This series is co-written by Linda Ranson Jacobs and Wayne Stocks. Linda has drawn on her years of experience working with children of divorce in a childcare setting, in churches and in developing the Divorce Care for Kids (“DC4K”) curriculum for churches to identify and explain some major issues when it comes to ministering to children of divorce and to explain how those issues were addressed in the DC4K curriculum. Wayne has drawn on his years volunteering in children’s ministry and his work with children of divorce to provide some practical advice on how these issues can be addressed in a weekly children’s ministry environment. Together, we hope that this series will help children’s ministry workers better minister to children of divorce and help those who volunteer in divorce ministries like DC4K to better anticipate and deal with issues unique to children of divorce.
Many children of divorce exhibit behavior issues. As you have learned from reading other articles here on DivorceMinistry4Kids you know these children live stress-filled chaotic lives. Oftentimes, they are overcome with anger and confusion and guilt. They are confused, scared, depressed and angry children. In many circumstances these underlying feelings manifest themselves in acting out. They act out their feelings through their behavior. Researchers are now realizing that family crisis and trauma can lead to disruptive behaviors in kids. (If you want to learn more learn more about this subject read, “Are these sings of mental illness in kids? Or normal response to childhood trauma? http://acestoohigh.com/2012/08/30/are-these-signs-of-mental-illness-in-kids-or-normal-responses-to-childhood-trauma/)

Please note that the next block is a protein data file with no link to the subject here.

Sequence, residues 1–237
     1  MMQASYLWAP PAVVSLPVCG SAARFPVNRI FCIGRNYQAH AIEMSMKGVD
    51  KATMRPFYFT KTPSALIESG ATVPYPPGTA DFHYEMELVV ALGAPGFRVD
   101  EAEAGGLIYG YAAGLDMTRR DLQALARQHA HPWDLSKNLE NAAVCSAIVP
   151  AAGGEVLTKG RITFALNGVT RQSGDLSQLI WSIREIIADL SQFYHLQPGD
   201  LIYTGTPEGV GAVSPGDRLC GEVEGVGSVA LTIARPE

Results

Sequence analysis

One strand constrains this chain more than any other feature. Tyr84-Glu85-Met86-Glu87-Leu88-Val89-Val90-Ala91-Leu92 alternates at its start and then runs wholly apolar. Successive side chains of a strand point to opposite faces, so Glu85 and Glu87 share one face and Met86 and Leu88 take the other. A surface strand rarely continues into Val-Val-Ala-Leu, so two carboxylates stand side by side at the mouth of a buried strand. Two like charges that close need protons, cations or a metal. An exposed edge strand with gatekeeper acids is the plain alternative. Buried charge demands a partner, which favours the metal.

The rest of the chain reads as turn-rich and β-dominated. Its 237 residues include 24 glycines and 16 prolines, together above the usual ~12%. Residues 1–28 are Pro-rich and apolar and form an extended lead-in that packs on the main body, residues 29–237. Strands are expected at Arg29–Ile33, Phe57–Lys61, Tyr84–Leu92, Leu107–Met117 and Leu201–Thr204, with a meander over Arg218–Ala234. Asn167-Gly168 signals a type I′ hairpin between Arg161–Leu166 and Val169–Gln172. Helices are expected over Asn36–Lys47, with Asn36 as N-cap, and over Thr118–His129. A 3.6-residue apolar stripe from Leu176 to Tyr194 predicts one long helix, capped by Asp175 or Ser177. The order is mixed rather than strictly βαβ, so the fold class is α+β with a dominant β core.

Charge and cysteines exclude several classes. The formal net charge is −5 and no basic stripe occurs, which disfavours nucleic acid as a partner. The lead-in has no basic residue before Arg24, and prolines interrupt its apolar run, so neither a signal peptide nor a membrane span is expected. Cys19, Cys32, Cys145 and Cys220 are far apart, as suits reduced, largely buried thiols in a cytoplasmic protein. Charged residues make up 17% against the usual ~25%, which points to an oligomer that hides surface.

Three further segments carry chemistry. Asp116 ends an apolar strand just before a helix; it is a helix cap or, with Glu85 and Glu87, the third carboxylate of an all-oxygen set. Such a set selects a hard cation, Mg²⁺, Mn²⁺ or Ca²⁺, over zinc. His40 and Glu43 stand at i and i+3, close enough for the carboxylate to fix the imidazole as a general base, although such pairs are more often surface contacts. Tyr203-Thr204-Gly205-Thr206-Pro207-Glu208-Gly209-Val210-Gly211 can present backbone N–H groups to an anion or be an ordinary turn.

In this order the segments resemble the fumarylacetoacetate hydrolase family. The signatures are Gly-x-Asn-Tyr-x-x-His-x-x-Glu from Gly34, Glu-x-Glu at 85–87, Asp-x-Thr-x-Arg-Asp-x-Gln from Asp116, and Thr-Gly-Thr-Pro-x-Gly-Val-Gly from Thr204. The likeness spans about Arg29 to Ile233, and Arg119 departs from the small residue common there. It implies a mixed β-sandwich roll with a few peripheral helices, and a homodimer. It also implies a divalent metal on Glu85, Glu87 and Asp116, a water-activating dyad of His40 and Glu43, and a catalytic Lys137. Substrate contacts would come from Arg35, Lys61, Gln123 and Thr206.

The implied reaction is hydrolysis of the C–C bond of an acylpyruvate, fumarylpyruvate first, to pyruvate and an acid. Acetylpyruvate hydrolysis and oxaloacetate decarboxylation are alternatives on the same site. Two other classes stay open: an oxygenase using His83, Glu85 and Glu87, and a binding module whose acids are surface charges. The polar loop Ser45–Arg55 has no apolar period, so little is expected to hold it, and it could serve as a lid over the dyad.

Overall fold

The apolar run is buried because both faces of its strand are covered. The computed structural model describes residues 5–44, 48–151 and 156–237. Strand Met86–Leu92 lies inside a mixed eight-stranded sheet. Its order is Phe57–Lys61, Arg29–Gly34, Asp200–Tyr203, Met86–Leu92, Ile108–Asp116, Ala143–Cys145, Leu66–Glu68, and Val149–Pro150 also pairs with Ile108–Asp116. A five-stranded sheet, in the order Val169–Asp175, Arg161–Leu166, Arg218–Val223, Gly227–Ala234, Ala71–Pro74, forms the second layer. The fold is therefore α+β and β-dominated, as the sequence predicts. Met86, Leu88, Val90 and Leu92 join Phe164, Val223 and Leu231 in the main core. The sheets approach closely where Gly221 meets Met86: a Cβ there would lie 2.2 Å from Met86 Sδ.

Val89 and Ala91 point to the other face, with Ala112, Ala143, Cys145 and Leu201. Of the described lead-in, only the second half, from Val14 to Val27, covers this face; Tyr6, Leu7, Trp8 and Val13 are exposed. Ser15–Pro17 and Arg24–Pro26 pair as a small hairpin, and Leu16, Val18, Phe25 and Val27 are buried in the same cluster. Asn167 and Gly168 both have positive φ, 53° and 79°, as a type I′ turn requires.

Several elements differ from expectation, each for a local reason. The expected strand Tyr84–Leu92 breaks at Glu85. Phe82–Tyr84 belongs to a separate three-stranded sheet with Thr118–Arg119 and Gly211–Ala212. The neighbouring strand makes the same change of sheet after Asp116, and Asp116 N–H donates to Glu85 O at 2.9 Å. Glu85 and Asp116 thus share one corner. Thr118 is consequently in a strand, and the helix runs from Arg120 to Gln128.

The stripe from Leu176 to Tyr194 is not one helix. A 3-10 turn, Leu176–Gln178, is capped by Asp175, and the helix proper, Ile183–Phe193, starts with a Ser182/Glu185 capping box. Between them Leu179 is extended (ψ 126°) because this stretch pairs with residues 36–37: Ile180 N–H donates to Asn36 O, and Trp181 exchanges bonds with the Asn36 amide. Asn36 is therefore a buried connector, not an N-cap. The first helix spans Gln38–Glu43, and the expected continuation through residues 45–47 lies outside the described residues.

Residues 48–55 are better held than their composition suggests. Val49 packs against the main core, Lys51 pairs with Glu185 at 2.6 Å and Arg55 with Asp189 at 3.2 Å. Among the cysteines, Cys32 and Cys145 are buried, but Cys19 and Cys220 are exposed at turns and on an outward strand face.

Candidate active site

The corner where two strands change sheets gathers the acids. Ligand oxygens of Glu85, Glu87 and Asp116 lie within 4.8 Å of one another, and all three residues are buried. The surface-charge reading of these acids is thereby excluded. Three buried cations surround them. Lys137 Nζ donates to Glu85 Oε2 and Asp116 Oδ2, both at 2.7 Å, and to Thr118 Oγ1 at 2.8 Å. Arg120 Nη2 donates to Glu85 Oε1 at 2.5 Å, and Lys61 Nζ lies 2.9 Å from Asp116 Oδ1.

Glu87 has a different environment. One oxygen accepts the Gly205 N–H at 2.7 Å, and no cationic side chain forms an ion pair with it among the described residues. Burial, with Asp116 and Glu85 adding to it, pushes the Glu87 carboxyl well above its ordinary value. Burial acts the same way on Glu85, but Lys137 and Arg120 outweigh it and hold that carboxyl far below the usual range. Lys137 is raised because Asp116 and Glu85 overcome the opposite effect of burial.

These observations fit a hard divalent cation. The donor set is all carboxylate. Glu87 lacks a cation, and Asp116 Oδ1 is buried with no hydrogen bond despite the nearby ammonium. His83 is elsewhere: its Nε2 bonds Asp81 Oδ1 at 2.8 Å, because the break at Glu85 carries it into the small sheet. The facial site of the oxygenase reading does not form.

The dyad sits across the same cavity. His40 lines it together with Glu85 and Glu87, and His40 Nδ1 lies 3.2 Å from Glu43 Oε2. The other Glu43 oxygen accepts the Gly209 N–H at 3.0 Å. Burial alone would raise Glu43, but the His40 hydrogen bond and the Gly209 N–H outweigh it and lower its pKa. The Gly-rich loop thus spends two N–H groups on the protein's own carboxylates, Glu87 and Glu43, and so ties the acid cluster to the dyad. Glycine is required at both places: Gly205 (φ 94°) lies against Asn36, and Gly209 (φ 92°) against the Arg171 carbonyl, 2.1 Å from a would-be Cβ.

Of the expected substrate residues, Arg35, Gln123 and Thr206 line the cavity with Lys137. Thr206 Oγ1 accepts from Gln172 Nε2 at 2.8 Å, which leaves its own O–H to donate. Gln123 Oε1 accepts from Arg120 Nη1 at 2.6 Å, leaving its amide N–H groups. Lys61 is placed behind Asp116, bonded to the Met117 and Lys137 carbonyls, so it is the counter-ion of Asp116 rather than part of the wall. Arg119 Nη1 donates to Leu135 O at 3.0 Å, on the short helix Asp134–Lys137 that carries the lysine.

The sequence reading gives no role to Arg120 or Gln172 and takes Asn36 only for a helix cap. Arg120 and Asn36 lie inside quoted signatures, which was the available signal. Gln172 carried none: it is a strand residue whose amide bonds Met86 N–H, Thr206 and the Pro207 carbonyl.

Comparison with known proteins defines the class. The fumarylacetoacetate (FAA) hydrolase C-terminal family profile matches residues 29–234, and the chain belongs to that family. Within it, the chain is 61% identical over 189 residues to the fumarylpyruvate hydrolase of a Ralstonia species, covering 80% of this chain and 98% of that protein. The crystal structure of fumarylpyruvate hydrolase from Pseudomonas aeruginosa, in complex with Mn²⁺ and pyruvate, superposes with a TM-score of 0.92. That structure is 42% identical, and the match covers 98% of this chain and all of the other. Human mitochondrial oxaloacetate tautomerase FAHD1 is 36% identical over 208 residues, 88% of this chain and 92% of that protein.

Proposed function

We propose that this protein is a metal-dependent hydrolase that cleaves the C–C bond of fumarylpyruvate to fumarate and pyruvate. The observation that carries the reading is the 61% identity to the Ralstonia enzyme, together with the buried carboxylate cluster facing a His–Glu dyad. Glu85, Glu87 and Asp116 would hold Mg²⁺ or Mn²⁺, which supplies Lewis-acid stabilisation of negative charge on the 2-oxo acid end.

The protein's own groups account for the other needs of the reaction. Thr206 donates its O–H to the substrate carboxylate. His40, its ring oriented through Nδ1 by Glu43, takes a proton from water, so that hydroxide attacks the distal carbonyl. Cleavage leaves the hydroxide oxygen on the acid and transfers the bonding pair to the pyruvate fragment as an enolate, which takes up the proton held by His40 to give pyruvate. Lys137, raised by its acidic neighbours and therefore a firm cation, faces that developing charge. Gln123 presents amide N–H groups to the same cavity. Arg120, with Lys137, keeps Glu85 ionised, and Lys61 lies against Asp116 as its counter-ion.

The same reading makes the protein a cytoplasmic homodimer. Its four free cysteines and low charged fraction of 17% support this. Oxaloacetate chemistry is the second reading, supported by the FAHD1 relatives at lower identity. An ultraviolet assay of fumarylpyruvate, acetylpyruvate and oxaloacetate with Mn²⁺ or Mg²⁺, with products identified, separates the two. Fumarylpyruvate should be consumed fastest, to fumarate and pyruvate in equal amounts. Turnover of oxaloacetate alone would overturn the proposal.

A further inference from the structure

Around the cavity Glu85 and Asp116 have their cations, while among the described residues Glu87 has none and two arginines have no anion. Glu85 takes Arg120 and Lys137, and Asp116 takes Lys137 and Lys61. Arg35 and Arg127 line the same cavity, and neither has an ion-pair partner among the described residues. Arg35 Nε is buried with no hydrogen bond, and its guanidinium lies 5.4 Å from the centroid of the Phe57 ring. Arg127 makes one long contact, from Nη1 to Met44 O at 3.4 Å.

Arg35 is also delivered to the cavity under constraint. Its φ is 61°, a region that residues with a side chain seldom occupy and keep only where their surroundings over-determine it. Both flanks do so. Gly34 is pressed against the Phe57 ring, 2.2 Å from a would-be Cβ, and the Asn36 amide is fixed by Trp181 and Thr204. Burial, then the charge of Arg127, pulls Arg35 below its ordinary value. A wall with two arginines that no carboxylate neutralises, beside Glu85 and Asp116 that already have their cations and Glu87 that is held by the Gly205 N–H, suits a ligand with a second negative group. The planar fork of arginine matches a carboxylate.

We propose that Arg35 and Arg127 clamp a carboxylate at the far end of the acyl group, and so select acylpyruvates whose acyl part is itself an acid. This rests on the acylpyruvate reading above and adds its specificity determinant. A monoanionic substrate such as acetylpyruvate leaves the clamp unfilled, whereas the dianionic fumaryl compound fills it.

In traditional children’s ministry, many leaders have been taught that when a child has disruptive behaviors in class, that the right thing to do is take them to their parents. Alternatively, when the child’s parents come to pick their child up after service, we pull them aside and talk privately with the parents about the behavior issue. We do this in love and respect for the family, and we usually try to partner with the parents in helping their child to overcome those issues. We might ask the parent about what is going on in the child’s life and if there are any new issues we should be aware to help us better provide for their child. In other words, communication with the parents is paramount in helping their children in our church classes. This approach is rooted in the idea that parents are meant to be the primary spiritual nurturers of their children, and our role as children’s ministers is to come alongside them and assist in that role.